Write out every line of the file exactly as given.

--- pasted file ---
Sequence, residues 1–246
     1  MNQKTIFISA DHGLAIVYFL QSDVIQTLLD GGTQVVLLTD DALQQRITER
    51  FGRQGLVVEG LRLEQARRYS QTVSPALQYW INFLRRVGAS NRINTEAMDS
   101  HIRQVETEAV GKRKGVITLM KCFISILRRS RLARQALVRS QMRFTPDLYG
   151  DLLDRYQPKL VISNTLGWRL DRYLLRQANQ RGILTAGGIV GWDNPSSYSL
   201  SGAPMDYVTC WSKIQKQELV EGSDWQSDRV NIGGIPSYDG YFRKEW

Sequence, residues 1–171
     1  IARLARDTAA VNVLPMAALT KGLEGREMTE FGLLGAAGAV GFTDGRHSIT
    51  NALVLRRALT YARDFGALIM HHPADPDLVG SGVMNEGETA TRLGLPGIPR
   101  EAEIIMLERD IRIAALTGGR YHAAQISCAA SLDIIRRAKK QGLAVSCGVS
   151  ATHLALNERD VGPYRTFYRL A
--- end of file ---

Sequence, residues 1–246
     1  MNQKTIFISA DHGLAIVYFL QSDVIQTLLD GGTQVVLLTD DALQQRITER
    51  FGRQGLVVEG LRLEQARRYS QTVSPALQYW INFLRRVGAS NRINTEAMDS
   101  HIRQVETEAV GKRKGVITLM KCFISILRRS RLARQALVRS QMRFTPDLYG
   151  DLLDRYQPKL VISNTLGWRL DRYLLRQANQ RGILTAGGIV GWDNPSSYSL
   201  SGAPMDYVTC WSKIQKQELV EGSDWQSDRV NIGGIPSYDG YFRKEW

Sequence, residues 1–171
     1  IARLARDTAA VNVLPMAALT KGLEGREMTE FGLLGAAGAV GFTDGRHSIT
    51  NALVLRRALT YARDFGALIM HHPADPDLVG SGVMNEGETA TRLGLPGIPR
   101  EAEIIMLERD IRIAALTGGR YHAAQISCAA SLDIIRRAKK QGLAVSCGVS
   151  ATHLALNERD VGPYRTFYRL A